You have heard it before, "all things are connected."
Can you connect beach sand grains to the food chain of Pacific salmon, blue herons or killer whales? These species are some of the hundreds of predators on the "forage fishes" of the sea. Herring are most familiar, but surf smelt, Pacific sand lance, and capelin are species that spawn on marine shorelines. Let's go on a discovery of connections.
Have you seen silvery surf smelt leaping at high tide? Using the beach surf, ripened female smelt rush to release their eggs. The one mm eggs produce an anchor-grabbing membrane that catches pea-sized pebbles -a weight belt that tumbles the eggs to incubate in nurseries a few centimeters below the beach surface.
In winter, Pacific sand lance move to fine gravel/sand beach areas for spawning. After weeks below the surface, these tiny beach babies, only three mm long, swim out with the ebbing tide.
From these little fishes, big things grow. The year round abundance of forage fish determines the survival of larger predators. For species of rockfish and salmon, estimates of their reliance on Pacific sand lance alone is 10 to 50 per cent of their diet.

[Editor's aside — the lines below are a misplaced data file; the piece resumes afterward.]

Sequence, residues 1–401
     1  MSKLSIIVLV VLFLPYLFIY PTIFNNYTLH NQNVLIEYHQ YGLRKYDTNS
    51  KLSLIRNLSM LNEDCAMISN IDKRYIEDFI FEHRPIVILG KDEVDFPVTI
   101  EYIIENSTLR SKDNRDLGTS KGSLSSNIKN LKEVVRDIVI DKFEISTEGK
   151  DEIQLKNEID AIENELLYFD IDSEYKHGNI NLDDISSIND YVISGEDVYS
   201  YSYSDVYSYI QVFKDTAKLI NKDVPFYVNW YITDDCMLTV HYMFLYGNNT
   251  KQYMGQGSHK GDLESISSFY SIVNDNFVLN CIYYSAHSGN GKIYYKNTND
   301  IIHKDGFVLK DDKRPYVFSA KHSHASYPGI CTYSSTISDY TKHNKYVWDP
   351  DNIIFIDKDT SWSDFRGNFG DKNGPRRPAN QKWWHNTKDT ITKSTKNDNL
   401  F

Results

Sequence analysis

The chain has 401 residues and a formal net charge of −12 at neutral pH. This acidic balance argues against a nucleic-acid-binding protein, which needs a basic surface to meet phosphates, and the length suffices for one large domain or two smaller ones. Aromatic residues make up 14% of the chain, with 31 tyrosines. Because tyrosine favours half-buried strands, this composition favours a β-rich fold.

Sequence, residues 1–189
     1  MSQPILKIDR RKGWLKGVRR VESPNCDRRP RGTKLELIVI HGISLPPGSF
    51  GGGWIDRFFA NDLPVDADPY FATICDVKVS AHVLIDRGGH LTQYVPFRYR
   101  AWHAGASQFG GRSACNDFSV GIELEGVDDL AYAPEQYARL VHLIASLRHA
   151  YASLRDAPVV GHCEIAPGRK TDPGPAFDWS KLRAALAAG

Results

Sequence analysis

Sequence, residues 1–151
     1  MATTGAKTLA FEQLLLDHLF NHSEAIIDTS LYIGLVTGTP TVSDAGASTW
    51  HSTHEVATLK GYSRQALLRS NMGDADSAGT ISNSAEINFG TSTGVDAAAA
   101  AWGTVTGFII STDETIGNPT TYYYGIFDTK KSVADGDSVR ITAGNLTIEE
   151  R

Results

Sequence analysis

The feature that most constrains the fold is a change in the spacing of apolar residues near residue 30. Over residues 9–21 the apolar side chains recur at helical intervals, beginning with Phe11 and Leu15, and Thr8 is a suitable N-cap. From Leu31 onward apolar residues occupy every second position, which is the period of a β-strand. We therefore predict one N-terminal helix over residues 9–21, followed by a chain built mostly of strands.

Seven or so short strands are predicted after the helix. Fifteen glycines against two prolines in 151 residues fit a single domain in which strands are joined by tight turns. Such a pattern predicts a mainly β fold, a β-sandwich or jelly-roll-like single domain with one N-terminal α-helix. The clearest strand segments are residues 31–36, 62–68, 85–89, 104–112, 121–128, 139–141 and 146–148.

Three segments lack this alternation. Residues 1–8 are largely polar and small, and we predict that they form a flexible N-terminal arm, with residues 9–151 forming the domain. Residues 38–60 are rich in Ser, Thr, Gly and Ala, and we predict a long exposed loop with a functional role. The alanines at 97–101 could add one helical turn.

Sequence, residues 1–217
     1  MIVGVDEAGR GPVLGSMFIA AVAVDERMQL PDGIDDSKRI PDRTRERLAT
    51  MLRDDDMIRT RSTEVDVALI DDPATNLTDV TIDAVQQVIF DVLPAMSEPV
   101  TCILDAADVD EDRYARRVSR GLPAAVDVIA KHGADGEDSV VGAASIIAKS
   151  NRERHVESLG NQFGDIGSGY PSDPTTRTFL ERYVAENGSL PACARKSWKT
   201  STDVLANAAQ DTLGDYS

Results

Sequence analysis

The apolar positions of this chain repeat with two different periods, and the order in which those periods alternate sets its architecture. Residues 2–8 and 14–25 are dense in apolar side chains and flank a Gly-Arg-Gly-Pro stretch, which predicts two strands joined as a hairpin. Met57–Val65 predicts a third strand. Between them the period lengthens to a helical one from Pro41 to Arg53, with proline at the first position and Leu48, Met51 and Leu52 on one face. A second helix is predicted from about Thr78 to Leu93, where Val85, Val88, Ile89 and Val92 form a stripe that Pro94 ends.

Marine shore spawners face an uncertain future in British Columbia. In terms of hectare, intertidal spawning beaches are one of the most finite habitat types found in the Strait of Georgia. Shoreline alterations for human developments can result in the loss of spawning habitat. Recently, local communities have begun sampling beaches to document and protect crucial habitat.
As you enjoy your favourite ocean walk on the beach, remember to connect the role of our beaches in providing food for our marine food web, and remember the need to protect the spawning habitats at your very feet.
A presentation and training workshop will be held on Sunday, May 10 at Chaster House in Gibsons, with Ramona C. de Graaf, a marine biologist working with communities throughout British Columbia.
To save your space, contact Dianne Sanford at firstname.lastname@example.org or call 604-885-6283.